Bottom Line: Fix MacOS / launchd permissions issues to auto-run nix scripts

I’ve been delving a little more into nix lately, though to be honest I’m not entirely sure why. It promises confident reproducibility, but to be honest it’s a total dumpster fire so far. That aside, I’ll carry on…

I have a number of launchd scripts that I use to automate various tasks on my MacOS machines. Unfortunately launchd can be a bit of a pain, as it generally runs in an environment where your PATH may be unset, stdout and stderr are unavailable (unless manually configured), and changes to the scripts require a bit of ceremony to load and unload before they are picked up. Overall, I consider it a good deal more effort than accomplishing similar tasks with systemd (or cron obviously).

That said, with a little effort, one can have MacOS scripts that run on login, automatically in the background, whenever a file or directory changes, on a schedule, etc. As a practical example, over the past several years I’ve used this to schedule downloads or other high bandwidth activity to start overnight, since we’ve been living on very slow rural internet until just recently.

The script that prompted this post uses selenium to perform some scheduled tasks that depend on a web browser. It uses chromedriver and tends to break any time chromedriver upgdates (due to me running homebrew updates), since the new chromedriver binary requires manual intervention to allow its first run (as a MacOS security precaution). I was hoping to make it a little more reliable by running it under nix.

I started off having a surprisingly difficult time figuring out how to run the most basic bash or python scripts as a nix flake, but eventually got that semi-sorted out.

Unfortunately, just when I thought my troubles were over, I found that my nix flake ran perfectly when I manually ran nix run, but failed when invoked by launchd.

Debugging launchd

Debugging the issue was made easier with a few discoveries:

$ sudo launchctl debug gui/"${UID}"/ --stdout --stderr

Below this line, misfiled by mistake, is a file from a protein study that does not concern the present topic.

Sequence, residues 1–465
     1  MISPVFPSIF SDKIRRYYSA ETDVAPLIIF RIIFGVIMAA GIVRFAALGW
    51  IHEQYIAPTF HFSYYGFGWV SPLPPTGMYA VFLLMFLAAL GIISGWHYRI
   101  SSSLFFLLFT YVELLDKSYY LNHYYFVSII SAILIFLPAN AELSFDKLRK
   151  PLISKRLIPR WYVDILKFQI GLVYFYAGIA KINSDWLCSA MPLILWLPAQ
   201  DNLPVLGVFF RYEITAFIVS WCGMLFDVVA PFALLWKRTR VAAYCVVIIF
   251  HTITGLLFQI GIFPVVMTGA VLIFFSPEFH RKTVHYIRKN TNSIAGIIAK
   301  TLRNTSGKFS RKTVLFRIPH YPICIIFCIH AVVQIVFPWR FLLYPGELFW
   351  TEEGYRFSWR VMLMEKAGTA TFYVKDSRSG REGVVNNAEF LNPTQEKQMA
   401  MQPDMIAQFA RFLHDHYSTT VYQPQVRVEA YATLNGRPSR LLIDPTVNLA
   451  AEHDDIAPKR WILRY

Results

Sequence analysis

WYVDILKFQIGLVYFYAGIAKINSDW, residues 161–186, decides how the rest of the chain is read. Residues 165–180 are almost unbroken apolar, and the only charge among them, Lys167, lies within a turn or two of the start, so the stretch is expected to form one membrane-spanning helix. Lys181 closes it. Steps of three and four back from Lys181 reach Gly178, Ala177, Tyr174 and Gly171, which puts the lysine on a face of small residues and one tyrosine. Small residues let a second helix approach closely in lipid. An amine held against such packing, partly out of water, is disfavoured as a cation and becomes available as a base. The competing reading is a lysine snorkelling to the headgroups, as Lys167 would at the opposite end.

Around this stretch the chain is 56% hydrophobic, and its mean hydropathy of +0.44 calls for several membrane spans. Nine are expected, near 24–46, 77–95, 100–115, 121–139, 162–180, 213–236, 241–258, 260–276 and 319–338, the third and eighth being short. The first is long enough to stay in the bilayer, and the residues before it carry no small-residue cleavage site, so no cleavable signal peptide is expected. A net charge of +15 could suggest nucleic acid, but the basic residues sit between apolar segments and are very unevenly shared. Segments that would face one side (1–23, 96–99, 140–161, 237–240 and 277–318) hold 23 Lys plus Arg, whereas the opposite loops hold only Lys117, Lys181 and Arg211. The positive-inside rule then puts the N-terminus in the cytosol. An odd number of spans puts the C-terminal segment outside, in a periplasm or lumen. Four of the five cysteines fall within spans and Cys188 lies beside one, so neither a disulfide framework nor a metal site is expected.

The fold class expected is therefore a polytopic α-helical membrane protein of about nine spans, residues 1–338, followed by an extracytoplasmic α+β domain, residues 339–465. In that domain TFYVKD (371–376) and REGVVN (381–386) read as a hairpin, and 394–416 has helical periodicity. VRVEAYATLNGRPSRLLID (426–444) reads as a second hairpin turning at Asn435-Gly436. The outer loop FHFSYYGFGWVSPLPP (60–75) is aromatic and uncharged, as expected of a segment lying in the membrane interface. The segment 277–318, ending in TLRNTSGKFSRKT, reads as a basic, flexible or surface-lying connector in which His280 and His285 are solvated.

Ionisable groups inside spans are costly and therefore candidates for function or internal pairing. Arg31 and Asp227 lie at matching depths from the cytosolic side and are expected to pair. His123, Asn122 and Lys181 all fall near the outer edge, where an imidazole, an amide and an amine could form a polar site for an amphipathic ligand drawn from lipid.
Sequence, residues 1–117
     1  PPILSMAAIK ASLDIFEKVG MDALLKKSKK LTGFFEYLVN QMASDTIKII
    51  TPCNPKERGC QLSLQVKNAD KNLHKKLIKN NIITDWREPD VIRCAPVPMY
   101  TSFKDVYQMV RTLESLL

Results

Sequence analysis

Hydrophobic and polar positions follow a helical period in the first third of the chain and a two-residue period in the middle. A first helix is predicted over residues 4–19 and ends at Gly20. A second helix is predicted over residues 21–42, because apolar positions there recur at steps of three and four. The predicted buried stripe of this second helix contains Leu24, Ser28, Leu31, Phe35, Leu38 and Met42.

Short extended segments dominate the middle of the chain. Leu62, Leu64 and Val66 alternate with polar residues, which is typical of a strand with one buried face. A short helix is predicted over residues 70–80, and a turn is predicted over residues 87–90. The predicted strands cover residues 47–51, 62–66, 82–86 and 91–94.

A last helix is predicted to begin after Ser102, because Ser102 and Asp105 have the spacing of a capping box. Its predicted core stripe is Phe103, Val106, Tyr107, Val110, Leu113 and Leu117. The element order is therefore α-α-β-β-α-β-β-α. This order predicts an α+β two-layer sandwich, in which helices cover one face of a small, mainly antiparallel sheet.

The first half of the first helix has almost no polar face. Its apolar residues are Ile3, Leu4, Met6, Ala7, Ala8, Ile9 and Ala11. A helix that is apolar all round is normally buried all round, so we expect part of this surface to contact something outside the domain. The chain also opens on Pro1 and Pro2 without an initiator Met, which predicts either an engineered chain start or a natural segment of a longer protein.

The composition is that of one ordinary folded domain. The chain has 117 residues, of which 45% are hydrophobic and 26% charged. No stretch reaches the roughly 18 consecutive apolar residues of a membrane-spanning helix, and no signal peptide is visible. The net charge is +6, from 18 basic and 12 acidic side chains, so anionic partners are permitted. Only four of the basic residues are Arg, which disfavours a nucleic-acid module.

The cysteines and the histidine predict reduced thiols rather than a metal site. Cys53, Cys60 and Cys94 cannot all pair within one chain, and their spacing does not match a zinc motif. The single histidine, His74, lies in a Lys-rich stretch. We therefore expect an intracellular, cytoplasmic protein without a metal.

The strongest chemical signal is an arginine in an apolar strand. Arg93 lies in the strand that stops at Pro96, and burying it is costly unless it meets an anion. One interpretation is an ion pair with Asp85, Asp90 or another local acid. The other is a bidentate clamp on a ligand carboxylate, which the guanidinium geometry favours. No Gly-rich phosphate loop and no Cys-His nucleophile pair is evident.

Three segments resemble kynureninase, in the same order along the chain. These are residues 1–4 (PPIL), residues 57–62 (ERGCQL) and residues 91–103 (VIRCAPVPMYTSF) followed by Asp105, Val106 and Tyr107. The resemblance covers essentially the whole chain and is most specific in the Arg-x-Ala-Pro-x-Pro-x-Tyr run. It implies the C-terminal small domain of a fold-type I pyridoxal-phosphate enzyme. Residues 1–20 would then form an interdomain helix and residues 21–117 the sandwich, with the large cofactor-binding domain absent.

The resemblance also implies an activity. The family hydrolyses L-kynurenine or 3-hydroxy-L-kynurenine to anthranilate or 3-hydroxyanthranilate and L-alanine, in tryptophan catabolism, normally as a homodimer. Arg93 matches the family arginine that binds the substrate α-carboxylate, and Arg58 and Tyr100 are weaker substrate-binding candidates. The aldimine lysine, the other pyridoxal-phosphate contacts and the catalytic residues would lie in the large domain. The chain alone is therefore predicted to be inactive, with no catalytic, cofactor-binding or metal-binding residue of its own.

The launchctl debug command will attach to a terminal, wait for the foo script to be run, and can override the options for stdout and stderr to output them to the screen. A few notes:

  • above would be whatever label you’ve given in your plist (which I would usually put in ~/Library/LaunchAgents/
  • it does require elevated (sudo) permissions
  • the gui/"${UID}"/ prefix is part of the new-style launchd syntax; it may be different if you’re writing a system-wide script (system/ instead of gui/), and I haven’t figured out how to get user/ prefixed scripts to work yet. ¯\_(ツ)_/¯
  • it only captures the output for the next run of the script

One approach to starting the script would be to open a second terminal window or tmux pane and run:

$ launchctl bootstrap gui/"${UID}" ~/Library/LaunchAgents/
$ launchctl kickstart gui/"${UID}"/

You may not need the bootstrap part if the plist is already loaded. With that done, you should then see the stdout and stderr in the launchctl debug window.

If you don’t want to bother with multiple windows, you can use a background process to start the script (with a small sleep to give you time to type your sudo password, if needed):

$ { sleep 5; launchctl kickstart gui/"${UID}"/; } &
$ sudo launchctl debug gui/"${UID}"/ --stdout --stderr

This makes things a lot easier than my alternative approach of unloading the script, changing the <key>StandardErrorPath</key> and <key>StandardOutPath</key> to point to a temporary file, re-loading the script, checking the files, unloading the script, removing those changes, and finally re-loading the script.